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    A man was billed $5000 for a titanium screw insertion…and he demanded an itemised bill…cost of screw $50, cost of putting it in correctly…$4950…this champion should just go and treat himself from now on…good luck to him…

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      Titanium screw insertion is a complicated and time consuming procedure which requires a surgeon and an anesthetist. Injection is an easy procedure which many diabetics can do it at home. Imagine CGH charges $100 per hour for injection.

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      Say you had an accident and needs treatment for the bruises. The bill came at $2000 for some antiseptic topical. You are a willing sucker or a victim?

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    Aiyo by the poster’s reasoning , then all GP that dispense medicine to their patient are also profiteering, you may wonder why is that so ?
    Well, eg. A box of statin 30tabs if bought at say pharmacy in Vietnam cost S25.00 but at GP clinic in Sg. of same drug mfg. and type can cost S85.00 ?
    So is that profiteering ?
    Now say a car of same type and model in Sg cost 5X more than in US , so is that profiteering ??
    Cost of paying SG gov. to run a red dot country is 300X more than the cost of paying US Gov. to run a super power country ….perhaps that should answer the question of the poster of this article …..

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      Well it depends on how you look at it. A GP is a private entity whereas a public hospital is to serve the people especially the poor hence the subsidy. If you take a good look at the bill, the public hospital consultation costs is $80 before subsidy whereas a GP costs average $30 in most cases. If a government depends on public hospitals to get their salaries, good luck to Singapore.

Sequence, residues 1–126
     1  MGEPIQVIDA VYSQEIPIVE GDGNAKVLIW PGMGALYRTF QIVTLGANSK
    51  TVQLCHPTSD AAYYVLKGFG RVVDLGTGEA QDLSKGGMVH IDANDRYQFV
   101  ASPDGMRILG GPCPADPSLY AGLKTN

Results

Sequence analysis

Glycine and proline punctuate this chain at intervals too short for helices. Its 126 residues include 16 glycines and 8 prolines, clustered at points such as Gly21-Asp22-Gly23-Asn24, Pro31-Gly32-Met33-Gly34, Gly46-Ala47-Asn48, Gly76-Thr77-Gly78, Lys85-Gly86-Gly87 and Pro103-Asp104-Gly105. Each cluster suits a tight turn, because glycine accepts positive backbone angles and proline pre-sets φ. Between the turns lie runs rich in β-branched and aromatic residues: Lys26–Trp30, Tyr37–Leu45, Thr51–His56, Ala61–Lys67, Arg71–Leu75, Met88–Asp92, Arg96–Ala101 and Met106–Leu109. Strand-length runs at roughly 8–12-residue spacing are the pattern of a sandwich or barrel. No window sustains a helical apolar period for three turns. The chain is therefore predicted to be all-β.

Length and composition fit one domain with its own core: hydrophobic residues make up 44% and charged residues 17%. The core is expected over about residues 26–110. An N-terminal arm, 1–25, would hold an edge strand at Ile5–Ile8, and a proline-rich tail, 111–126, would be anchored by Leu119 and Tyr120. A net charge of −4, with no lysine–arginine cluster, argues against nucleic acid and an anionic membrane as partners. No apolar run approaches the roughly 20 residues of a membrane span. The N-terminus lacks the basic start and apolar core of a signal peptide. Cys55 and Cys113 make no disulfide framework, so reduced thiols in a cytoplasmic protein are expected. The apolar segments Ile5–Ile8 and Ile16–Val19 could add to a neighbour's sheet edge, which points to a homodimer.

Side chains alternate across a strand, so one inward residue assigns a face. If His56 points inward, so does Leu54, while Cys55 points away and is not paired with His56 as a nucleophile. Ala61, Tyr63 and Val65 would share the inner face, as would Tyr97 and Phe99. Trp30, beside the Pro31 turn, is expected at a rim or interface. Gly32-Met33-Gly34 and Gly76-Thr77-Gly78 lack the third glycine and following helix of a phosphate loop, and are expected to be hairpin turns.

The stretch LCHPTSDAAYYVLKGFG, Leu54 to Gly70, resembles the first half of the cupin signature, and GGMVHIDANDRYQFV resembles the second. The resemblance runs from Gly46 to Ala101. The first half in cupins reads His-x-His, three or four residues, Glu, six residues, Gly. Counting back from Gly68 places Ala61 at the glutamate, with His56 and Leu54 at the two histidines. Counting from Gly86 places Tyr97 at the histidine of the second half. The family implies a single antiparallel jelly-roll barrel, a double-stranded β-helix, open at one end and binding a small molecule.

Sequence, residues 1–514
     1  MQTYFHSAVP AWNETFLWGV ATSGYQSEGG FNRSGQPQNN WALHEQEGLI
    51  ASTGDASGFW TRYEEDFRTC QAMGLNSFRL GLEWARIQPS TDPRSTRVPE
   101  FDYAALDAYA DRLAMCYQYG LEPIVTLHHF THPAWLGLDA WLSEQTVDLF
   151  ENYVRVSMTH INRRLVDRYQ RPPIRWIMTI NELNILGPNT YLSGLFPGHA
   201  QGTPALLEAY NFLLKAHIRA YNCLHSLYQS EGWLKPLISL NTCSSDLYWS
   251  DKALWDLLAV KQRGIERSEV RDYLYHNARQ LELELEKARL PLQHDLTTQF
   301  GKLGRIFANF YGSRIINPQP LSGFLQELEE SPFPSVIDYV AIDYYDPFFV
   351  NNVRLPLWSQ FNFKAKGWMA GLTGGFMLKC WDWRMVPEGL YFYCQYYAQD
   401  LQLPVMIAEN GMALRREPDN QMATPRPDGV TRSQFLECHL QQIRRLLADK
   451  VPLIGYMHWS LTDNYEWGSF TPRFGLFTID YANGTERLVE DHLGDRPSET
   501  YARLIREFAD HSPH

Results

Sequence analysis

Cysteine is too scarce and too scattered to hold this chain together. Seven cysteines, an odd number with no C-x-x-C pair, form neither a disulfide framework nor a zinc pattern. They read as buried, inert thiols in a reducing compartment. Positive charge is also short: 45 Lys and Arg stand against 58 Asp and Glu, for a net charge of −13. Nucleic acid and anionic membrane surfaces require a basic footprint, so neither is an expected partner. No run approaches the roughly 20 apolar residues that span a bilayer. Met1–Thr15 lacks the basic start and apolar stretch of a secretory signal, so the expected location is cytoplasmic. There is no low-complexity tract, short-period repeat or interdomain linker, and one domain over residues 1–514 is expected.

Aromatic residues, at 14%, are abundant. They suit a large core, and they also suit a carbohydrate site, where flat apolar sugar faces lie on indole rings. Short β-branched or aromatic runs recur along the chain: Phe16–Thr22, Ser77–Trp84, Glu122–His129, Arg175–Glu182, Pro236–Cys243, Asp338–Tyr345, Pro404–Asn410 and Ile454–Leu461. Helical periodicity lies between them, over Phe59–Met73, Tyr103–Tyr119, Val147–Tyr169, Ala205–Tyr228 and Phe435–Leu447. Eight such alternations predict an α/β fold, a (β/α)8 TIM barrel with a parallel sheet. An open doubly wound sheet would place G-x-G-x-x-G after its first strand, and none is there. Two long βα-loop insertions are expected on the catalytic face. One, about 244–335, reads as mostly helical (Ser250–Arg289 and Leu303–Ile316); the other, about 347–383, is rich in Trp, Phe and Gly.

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    Of course it’s cheaper online but he needs to factor in stuff like professionalism, hygiene environment, the needle, antiseptic, consultation n last but not least, the authenticity of the product. I won’t mind buying some things online but not medicine.

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    Actually the subsidy of $153 already built into the cost. This is one way to make the Government looks very generous by subsidising your hospital bills. It reminds of Great Singapore Sale. Many of the shops give 50 to 75% discount by inflating/marking up the price by the same amount. WE get conned by Government, merchants and everyone else.

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      Don’t be so angry. The old man did not ask for cost price. He is exposing how our public hospital capitalized on the sick and poor. He seeks clarification why a $4 injection was bill $210 on top of the high consultation fee.

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    I was in Australia and an abscesses, pus, developed. It grew too big and I needed to drain it. The local hospital charged me AUD70, inclusive of dressing change the next day and dressing kit to change dressing for the next 3 days. Me and companions all agree that it will not be cheaper in Sg

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    The subject heading of this article is wrong. Changi Hospital billed the patient $210 for one injection bottle. The same bottle was used to inject 7 spots @ $30 each on top of the $80 consultation fee. The purpose of this article is to highlight the unscrupulous profiteering by the hospital on the sick. Whether the patient should have bought online and do himself is irrelevant. Do note the mark up before subsidizing.